View Full Version : classify Amazon and Jomon skull

20-01-17, 19:55
Do they all look like UP and cromagnon?

Amazon skulls. ignore second one

first one is Jomon

22-01-17, 23:34
Two Cro-Magnons' mtDNA haplogroup (23,000-year-old Paglicci 52 and 24,720-year-old Paglicci 12) was identified as haplogroup N and mtDNA haplogroups N9b and M7a are called the Jomon haplotype. More specifically, the two Cro-Magnons carried macrohaplogroup N, containing haplogroups W, X, I, N1a, N1b, N1c, and N* (Caramelli et al. 2003). The Jomon and Cro-Magnons share common maternal ancestry, which may have contributed to the morphological similarity between them. Moreover, Kennewick Man's mtDNA haplogroup was recently identified as haplogroup X2a by Rasmussen et al. (2015) and some Native Americans with this haplotype are distantly related to Cro-Magnons.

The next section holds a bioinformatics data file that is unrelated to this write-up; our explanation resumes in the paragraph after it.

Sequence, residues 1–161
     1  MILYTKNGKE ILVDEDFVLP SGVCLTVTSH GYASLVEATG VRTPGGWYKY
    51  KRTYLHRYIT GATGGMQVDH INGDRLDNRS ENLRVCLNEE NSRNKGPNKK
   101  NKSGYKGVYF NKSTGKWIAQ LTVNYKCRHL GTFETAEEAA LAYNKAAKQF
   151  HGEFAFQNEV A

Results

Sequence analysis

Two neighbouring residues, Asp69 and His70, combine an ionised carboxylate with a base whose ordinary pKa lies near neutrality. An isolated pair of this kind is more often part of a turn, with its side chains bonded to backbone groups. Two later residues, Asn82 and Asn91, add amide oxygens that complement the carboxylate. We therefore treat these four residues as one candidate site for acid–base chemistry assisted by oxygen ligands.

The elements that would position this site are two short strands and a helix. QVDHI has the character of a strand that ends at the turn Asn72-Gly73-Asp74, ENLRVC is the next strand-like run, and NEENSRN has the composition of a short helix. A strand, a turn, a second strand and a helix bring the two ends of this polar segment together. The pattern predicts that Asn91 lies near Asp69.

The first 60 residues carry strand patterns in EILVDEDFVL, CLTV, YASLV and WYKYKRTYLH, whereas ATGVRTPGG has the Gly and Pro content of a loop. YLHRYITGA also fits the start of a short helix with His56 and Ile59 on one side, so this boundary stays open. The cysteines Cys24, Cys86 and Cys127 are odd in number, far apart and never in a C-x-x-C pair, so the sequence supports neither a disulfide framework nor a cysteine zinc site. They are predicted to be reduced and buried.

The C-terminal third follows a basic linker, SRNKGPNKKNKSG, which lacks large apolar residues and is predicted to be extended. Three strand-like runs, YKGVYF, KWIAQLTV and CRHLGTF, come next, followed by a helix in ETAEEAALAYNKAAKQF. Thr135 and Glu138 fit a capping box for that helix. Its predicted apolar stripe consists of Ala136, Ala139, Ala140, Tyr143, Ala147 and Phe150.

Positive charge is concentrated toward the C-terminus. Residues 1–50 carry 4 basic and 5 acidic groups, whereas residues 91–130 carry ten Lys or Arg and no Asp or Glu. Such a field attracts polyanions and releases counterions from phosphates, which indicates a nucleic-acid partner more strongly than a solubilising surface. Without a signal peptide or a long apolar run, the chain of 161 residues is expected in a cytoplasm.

Specific mtDNA sites outside HVRI were also analyzed (by amplification, cloning, and sequencing of the surrounding region) to classify more precisely the ancient sequences within the phylogenetic network of present-time mtDNAs (35, 36). Paglicci-25 has the following motifs: +7,025 AluI, 00073A, 11719G, and 12308A. Therefore, this sequence belongs to either haplogroups HV or pre-HV, two haplogroups rare in general but with a comparatively high frequencies among today's Near-Easterners (35). Paglicci-12 shows the motifs 00073G, 10873C, 10238T, and AACC between nucleotide positions 10397 and 10400, which allows the classification of this sequence into the macrohaplogroupN,containing haplogroups W, X, I, N1a, N1b, N1c, and N*. Following the definition given in ref. 36, the presence of a single mutation in 16,223 within HRVI suggests a classification of Paglicci-12 into the haplogroup N*, which is observed today in several samples from the Near East and, at lower frequencies, in the Caucasus (35). It is difficult to say whether the apparent evolutionary relationship between Paglicci-25 and Paglicci-12 and those populations is more than a coincidence. Indeed, the haplogroups to which the Cro-Magnon type sequences appear to belong are rare among modern samples, and therefore their frequencies are poorly estimated. However, genetic affinities between the first anatomically modern Europeans and current populations of the Near East make sense in the light of the likely routes of Upper Paleolithic human expansions in Europe, as documented in the archaeological record (37).